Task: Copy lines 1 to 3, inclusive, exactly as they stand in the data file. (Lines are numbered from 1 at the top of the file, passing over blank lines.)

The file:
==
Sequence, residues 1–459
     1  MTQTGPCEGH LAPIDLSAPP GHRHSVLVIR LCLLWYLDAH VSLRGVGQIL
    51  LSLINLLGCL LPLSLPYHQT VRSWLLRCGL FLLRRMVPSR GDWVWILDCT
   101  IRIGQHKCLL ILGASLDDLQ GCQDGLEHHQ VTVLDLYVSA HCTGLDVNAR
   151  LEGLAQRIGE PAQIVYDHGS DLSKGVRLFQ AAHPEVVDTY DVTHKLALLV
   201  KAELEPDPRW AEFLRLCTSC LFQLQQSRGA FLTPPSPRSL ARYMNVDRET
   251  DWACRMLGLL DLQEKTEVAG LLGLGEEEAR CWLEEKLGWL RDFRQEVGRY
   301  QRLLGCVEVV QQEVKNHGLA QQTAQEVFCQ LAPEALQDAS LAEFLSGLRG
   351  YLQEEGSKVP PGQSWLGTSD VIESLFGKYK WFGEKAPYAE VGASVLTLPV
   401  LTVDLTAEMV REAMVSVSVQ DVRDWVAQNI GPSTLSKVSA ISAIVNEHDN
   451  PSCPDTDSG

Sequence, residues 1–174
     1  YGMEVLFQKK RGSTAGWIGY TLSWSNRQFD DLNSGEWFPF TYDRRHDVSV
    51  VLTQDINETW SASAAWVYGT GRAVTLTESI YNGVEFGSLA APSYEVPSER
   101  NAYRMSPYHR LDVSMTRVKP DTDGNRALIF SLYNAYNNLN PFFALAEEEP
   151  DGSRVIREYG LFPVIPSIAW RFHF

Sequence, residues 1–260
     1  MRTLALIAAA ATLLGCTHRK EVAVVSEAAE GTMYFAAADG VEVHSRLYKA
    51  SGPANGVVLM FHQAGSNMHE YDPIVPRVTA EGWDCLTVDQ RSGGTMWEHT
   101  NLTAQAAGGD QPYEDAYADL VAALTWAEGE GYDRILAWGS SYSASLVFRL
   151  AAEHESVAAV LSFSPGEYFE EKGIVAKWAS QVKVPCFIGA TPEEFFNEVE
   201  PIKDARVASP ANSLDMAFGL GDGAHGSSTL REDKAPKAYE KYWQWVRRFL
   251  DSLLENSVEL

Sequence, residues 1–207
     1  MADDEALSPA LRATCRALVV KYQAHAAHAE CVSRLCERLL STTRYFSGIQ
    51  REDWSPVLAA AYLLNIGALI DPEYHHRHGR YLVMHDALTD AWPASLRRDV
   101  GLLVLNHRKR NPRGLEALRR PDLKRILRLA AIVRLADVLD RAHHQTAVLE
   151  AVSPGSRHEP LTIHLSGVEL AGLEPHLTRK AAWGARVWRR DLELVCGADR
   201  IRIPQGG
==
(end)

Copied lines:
Sequence, residues 1–459
     1  MTQTGPCEGH LAPIDLSAPP GHRHSVLVIR LCLLWYLDAH VSLRGVGQIL
    51  LSLINLLGCL LPLSLPYHQT VRSWLLRCGL FLLRRMVPSR GDWVWILDCT